Since 1968, when the University of Minnesota performed the first successful bone marrow transplant, thousands of lives have been changed.
Erik Haines rarely thinks about a transplant 14 years ago that saved his life.
That's what makes him a normal 16-year-old, and that's the greatest gift of all, his parents, Paul and Kim Haines, said Saturday.
Along with 500 other former patients and doctors, they had gathered at the University of Minnesota to celebrate a program that 40 years ago accomplished the first successful human bone marrow transplant in the world.
The Haineses, of Maple Grove, reconnected with John Wagner, Erik's doctor at the university's Blood and Marrow Transplant Program, which has continued to pioneer transplant procedures.
In Erik's case, when there was no possible bone marrow donor, Wagner turned to umbilical cord blood to treat a rare form of leukemia that otherwise would have been fatal. It was the first use of cord blood from a donor not related to the patient. Erik is now the second-longest survivor of any cord blood transplant in the world.
"I just remember the doctor saying right after, 'This was purely theoretical,'" Kim Haines said.
"There were no good options," Wagner recalled. "We were just trying to come up with some possibility."
The U's bone marrow program has been coming up with new possibilities since the late Dr. Robert Good successfully transplanted bone marrow into an infant with an immune deficiency syndrome in 1968. It can claim a long line of firsts, including: the first successful marrow transplant in a patient with lymphoma, in 1975; the first marrow transplant for an inherited metabolic disease, in 1982; Erik's cord transplant in 1994; and as recently as last year, a marrow transplant to cure a deadly skin disease -- the first use of marrow for an illness other than blood or bone marrow disorders. The center performed its 5,000th marrow transplant last year.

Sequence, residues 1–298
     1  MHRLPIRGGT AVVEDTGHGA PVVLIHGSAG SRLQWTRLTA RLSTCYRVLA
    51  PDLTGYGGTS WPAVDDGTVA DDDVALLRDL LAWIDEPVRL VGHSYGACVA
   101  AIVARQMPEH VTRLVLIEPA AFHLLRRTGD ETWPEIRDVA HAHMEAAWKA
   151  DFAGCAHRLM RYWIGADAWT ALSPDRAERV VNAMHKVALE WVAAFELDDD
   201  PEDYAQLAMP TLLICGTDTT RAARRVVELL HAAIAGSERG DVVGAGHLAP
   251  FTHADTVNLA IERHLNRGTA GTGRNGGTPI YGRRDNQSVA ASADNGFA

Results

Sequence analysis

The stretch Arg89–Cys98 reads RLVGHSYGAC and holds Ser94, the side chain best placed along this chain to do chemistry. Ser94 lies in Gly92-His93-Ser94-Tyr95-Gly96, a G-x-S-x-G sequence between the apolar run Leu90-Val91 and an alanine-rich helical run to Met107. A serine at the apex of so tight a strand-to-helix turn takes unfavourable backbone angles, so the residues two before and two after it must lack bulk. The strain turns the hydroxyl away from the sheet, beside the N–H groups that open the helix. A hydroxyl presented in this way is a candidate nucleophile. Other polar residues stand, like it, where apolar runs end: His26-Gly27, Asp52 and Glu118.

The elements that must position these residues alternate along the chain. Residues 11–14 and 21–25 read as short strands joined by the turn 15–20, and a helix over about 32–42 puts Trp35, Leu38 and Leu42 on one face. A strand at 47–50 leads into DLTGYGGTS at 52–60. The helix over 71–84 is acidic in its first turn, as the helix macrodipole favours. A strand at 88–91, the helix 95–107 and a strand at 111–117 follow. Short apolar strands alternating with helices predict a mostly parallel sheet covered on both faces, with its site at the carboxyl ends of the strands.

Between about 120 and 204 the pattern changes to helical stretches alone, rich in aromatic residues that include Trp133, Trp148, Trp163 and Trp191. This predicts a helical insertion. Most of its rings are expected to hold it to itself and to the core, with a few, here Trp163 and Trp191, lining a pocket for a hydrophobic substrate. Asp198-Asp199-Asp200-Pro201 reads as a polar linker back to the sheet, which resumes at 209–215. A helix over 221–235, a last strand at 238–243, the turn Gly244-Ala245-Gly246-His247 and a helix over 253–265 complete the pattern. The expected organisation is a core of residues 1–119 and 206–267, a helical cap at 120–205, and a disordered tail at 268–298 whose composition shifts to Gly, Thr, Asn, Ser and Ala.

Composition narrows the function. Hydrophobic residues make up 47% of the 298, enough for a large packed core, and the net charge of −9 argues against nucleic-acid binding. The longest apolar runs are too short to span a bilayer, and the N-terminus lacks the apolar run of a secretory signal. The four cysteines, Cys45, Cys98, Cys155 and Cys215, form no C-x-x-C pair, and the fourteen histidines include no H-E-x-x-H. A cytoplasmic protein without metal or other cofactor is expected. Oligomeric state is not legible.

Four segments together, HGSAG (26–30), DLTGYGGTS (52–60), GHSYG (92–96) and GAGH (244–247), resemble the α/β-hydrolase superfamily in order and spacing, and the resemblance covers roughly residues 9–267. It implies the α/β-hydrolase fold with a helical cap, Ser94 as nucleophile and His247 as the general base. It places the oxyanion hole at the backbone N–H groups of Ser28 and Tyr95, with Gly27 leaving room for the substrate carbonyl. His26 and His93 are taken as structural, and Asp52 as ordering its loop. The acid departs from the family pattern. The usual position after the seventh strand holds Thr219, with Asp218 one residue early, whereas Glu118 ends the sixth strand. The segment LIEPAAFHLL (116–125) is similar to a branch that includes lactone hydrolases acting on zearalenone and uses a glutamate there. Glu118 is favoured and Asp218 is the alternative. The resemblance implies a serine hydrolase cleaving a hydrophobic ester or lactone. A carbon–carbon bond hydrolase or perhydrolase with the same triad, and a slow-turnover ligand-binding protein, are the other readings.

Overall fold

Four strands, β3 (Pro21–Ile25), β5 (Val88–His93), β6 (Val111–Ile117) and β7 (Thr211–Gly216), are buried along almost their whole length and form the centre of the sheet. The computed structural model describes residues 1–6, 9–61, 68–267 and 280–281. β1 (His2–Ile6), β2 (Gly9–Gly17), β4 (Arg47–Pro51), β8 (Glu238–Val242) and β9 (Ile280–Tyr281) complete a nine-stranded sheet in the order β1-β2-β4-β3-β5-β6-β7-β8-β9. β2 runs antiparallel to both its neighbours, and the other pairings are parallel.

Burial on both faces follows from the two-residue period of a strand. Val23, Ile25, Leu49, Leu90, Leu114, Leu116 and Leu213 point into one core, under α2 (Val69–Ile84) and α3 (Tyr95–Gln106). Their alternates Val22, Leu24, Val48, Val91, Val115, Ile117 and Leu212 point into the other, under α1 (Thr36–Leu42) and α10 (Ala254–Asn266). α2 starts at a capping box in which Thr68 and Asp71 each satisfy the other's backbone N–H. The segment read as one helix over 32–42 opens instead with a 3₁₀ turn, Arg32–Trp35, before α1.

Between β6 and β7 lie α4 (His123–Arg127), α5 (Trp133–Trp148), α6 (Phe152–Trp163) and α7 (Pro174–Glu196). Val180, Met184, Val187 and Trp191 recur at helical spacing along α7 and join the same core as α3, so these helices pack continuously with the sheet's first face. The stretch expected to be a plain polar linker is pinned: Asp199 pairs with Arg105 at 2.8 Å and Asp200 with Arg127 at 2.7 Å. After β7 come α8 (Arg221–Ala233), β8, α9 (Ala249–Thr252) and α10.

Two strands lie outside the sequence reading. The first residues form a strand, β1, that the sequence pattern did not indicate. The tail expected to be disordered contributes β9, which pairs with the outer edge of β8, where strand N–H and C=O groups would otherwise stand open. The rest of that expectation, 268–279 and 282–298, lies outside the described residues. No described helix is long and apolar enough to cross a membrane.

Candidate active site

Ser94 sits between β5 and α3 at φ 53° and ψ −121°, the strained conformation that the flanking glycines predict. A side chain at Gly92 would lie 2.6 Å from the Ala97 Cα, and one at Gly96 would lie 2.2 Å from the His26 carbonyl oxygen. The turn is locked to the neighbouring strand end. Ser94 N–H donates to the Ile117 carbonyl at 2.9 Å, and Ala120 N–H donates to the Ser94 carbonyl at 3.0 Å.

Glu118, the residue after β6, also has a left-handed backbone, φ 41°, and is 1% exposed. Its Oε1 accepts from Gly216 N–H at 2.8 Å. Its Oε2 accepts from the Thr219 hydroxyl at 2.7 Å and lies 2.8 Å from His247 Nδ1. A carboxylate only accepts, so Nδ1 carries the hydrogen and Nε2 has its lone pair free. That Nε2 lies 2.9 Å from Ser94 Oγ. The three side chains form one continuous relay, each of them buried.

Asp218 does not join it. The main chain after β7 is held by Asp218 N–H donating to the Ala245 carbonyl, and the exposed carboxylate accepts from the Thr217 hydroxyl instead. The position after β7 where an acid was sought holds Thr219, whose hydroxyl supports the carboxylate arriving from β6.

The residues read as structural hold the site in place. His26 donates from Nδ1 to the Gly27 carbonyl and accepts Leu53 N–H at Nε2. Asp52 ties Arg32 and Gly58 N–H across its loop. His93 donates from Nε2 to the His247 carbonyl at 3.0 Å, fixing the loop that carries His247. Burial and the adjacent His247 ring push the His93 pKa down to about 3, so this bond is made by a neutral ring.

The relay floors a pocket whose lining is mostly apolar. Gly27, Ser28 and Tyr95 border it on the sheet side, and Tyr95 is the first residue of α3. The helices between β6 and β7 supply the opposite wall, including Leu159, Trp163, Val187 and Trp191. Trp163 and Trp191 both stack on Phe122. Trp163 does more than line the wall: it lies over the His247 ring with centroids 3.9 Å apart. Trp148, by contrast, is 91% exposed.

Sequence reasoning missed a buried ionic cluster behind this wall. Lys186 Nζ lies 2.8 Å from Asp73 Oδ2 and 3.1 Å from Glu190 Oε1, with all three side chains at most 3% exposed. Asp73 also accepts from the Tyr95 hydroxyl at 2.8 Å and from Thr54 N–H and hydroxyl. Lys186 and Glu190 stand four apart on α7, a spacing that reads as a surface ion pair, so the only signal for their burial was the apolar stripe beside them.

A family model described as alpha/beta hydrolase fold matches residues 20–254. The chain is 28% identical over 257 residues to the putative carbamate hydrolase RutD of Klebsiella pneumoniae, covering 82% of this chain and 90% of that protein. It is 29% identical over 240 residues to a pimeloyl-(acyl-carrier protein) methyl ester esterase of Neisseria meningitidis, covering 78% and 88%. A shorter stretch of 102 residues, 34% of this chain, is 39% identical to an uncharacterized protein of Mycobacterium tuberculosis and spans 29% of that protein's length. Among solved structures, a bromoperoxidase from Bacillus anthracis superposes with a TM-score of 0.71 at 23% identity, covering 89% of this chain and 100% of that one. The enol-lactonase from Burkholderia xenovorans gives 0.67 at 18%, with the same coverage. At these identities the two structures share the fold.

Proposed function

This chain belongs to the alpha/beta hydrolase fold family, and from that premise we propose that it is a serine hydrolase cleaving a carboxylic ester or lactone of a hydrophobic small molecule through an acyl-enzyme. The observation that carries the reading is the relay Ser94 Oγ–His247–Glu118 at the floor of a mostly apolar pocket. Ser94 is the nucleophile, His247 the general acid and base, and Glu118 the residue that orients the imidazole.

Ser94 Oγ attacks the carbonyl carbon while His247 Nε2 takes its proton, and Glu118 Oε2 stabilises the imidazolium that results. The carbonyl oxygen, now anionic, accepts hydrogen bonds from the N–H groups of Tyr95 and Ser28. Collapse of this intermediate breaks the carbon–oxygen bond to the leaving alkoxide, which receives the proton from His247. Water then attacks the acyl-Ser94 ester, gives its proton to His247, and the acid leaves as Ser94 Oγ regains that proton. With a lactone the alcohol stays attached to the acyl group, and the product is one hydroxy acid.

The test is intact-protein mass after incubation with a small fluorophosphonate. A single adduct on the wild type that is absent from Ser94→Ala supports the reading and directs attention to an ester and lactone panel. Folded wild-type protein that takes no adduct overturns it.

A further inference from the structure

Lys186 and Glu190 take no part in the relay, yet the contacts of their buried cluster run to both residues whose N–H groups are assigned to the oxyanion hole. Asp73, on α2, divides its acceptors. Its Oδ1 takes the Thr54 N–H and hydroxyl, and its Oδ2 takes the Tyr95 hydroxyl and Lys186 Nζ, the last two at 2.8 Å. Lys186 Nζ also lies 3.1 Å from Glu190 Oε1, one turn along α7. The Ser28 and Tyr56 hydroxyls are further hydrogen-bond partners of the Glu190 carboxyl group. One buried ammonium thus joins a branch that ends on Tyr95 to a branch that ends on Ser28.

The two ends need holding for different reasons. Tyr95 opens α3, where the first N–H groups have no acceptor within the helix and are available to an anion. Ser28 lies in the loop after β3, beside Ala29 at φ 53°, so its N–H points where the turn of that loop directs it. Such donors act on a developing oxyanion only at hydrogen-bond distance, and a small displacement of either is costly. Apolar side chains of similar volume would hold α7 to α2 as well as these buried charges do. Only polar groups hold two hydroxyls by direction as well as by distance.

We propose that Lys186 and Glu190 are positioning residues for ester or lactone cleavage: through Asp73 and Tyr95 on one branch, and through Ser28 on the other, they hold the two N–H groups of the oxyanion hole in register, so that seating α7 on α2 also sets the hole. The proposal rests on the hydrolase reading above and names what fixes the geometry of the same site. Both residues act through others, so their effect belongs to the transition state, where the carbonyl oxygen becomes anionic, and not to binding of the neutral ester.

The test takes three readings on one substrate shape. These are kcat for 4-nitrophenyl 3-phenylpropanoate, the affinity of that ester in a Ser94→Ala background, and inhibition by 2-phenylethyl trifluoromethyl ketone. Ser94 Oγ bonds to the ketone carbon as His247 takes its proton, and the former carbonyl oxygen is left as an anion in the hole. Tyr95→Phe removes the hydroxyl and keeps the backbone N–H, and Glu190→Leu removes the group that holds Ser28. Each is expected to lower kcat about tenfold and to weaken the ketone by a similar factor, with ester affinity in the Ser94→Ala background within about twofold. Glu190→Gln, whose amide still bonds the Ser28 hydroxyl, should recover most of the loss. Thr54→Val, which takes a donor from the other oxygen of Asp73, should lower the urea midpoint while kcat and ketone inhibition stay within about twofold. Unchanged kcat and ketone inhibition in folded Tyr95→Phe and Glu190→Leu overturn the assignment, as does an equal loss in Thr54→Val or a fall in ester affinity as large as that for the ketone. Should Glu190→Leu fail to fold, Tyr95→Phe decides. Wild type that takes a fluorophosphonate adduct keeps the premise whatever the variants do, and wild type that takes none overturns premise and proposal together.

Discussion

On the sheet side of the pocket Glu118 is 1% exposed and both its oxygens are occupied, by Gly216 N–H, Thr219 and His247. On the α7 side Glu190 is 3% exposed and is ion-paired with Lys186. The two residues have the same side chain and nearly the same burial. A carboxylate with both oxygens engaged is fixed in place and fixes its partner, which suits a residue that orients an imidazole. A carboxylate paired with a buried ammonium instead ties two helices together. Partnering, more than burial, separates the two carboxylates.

Dr. John Kersey, who made the 1975 breakthrough on lymphoma treatment, said new methods in testing donor compatibility in the 1960s and '70s, made success possible for the first time.
The University of Minnesota has led the way, Kersey believes, "because there was always the sense here that you could tackle really difficult problems, that you could actually believe you can cure a patient of what had been an incurable disease."
Patients come from all over the country and the world, often after no other place will treat them, he said.
One, who traveled from South Carolina to attend the Saturday reunion, was Everdina Darby. Darby was a young mother of four in Connecticut in 1983 when she was diagnosed with leukemia. The famous Sloan-Kettering Cancer Center in New York declined to treat her, saying that at 39 she was too old for a marrow transplant. Darby came to the University of Minnesota, where Dr. Greg Vercellotti didn't give up on her.
"So I came today to honor my doctor," she said.
H.J. Cummins • 612-673-4671